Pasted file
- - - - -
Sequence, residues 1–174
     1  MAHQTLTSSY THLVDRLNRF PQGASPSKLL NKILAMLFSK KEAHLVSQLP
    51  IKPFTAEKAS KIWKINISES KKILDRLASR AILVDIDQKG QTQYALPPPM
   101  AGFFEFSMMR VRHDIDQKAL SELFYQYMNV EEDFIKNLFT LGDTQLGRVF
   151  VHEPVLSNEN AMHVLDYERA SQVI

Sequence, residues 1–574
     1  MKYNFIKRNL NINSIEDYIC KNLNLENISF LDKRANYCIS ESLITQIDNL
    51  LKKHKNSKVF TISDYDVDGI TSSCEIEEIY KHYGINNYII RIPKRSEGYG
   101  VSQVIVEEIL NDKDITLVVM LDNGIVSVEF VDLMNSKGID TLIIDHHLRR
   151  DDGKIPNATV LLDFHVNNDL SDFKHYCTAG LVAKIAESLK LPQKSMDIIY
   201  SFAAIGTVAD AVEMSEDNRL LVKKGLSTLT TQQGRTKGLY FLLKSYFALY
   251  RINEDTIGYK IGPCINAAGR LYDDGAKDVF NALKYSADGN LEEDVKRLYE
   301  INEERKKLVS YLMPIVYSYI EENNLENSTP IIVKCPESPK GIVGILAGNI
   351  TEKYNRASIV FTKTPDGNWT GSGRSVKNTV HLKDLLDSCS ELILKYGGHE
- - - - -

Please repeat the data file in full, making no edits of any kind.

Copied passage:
Sequence, residues 1–174
     1  MAHQTLTSSY THLVDRLNRF PQGASPSKLL NKILAMLFSK KEAHLVSQLP
    51  IKPFTAEKAS KIWKINISES KKILDRLASR AILVDIDQKG QTQYALPPPM
   101  AGFFEFSMMR VRHDIDQKAL SELFYQYMNV EEDFIKNLFT LGDTQLGRVF
   151  VHEPVLSNEN AMHVLDYERA SQVI

Sequence, residues 1–574
     1  MKYNFIKRNL NINSIEDYIC KNLNLENISF LDKRANYCIS ESLITQIDNL
    51  LKKHKNSKVF TISDYDVDGI TSSCEIEEIY KHYGINNYII RIPKRSEGYG
   101  VSQVIVEEIL NDKDITLVVM LDNGIVSVEF VDLMNSKGID TLIIDHHLRR
   151  DDGKIPNATV LLDFHVNNDL SDFKHYCTAG LVAKIAESLK LPQKSMDIIY
   201  SFAAIGTVAD AVEMSEDNRL LVKKGLSTLT TQQGRTKGLY FLLKSYFALY
   251  RINEDTIGYK IGPCINAAGR LYDDGAKDVF NALKYSADGN LEEDVKRLYE
   301  INEERKKLVS YLMPIVYSYI EENNLENSTP IIVKCPESPK GIVGILAGNI
   351  TEKYNRASIV FTKTPDGNWT GSGRSVKNTV HLKDLLDSCS ELILKYGGHE